I don’t think commentators have drawn the right inferences from the mess May made over social care policy.
The Times reports that “few were asked in advance” about the dementia tax, and says the secrecy of May’s inner circle “has become notorious”. The FT reports a “senior Tory” as saying that the policy “wasn’t really run by anyone outside the inner circle.” And the Guardian says:
Conservative insiders under [Nick] Timothy and [Fiona] Hill talk of a disciplined atmosphere and often highly pressurised blame culture, where people from advisers to ministers fear receiving a dressing-down for stepping out of line or veering off script.
All this suggests to me three related errors. One is taking a decision in haste. Sam Blainey writes:
The social care proposals were, apparently, a last-minute addition placed there at the behest of Nick Timothy, the Prime Minister’s powerful joint chief of staff. But this means they will not have been stress tested to destruction. Consulting with your colleagues may be tiresome and dull, but an hour-long meeting to discuss some of the Tory plans would have allowed them to address and hammer out any problems.
Secondly, there is what the FT describes as a “disdain” for the advice of some “experts.” However, if you need a quick decision the natural thing to do is to adopt the proposal of someone who has gathered evidence and thought long and hard about the issue, as Andrew Dilnot has. Believing that one’s own snap judgment is better than his is an example of egregious over-confidence.
Thirdly, tight-knit groups lack the cognitive diversity to take good decisions; nobody in May’s inner-circle seems to have stood up to Timothy’s suggestion. As Iain Martin says, “Team May is way too narrow in its composition.” The FT quotes Lord Ricketts, former head of the Foreign Office:
Surely one of the lessons learned from this is that you can’t do this in tight secret groups without consultation and without talking to political colleagues.
In short, what we have is an example of groupthink. Irving Janis wrote:
The advantages of having decisions made by groups are often lost because of psychological pressures that arise when members work closely together, share the same values, and above all face a crisis situation in which everyone is subjected to stresses that generate a strong need for affiliation. In these circumstances, as conformity pressures begin to dominate, groupthink and the attendant deterioration of decision-making set in (Groupthink, p 12-13)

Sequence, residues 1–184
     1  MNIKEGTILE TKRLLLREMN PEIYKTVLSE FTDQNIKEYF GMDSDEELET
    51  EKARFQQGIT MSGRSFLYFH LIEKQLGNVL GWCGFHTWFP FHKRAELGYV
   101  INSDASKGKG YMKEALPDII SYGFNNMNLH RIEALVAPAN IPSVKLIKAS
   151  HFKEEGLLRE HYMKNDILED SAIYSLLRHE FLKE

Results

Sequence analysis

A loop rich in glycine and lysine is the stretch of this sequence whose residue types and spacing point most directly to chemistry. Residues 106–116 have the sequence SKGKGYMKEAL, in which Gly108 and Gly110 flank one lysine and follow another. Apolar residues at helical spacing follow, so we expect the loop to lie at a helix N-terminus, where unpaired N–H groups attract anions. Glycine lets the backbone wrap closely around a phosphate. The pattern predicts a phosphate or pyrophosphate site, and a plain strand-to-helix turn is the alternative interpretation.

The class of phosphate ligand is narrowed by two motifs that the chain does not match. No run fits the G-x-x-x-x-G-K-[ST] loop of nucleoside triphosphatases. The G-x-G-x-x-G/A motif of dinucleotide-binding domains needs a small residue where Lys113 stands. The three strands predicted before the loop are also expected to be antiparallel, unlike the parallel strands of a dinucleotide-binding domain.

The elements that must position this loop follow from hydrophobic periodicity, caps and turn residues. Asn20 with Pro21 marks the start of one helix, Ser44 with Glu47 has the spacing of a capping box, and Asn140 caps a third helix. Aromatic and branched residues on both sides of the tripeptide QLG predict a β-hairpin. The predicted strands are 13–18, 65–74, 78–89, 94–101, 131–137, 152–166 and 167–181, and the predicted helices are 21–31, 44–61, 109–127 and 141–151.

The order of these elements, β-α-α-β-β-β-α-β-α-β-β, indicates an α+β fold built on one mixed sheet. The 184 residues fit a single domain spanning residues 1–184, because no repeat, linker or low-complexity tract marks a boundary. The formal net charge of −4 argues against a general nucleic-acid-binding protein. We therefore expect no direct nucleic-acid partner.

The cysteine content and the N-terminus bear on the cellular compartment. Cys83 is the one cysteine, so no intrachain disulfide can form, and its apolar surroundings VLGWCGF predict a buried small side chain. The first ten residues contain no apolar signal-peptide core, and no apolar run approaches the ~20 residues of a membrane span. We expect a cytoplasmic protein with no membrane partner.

From this perspective, I find it hard to excuse May’s conduct. Politics is an activity is which some errors are inevitable: social affairs are complex processes which are often unmanageable and unpredictable; all large organizations such as government departments by their very nature contain some dysfunctionality; and there are what Harold Macmillan called “events, dear boy.” Faced with this, Prime Ministers should at least not add to these unavoidable errors by making avoidable ones. They should learn from history and from research into cognitive biases.
And this is what May hasn’t done: Janis wrote Groupthink way back in 1982. Anyone who aspires to be in a position to take decisions should know it. Yet May seems not to. She failed to avoid errors which were well-known to anybody who knew anything about the history and psychology of decision-making.
Mistakes I can forgive. Illiteracy and ignorance, however, are another matter.
You might think I’m making a partisan point here. I’m not so sure. May has done what Blair did when he went to war in Iraq: he too ignored well-known principles of good decision-making.
This alerts us to the possibility that our political system does not adequately weed out irrationalities. Last year, I wrote:
Chilcot…poses a systemic question: how can we ensure that political structures favour rational decision-making? This question will, of course, be ignored.
That looks like a rare correct prediction. And it’ll remain the case until the media and voters understand leadership better. “Strong” leadership isn’t about delivering diktats from on high. It’s about taking good decisions, which often requires openness, diversity and being awake to cognitive biases. It’s not clear that May can do this. And this is not entirely her personal fault.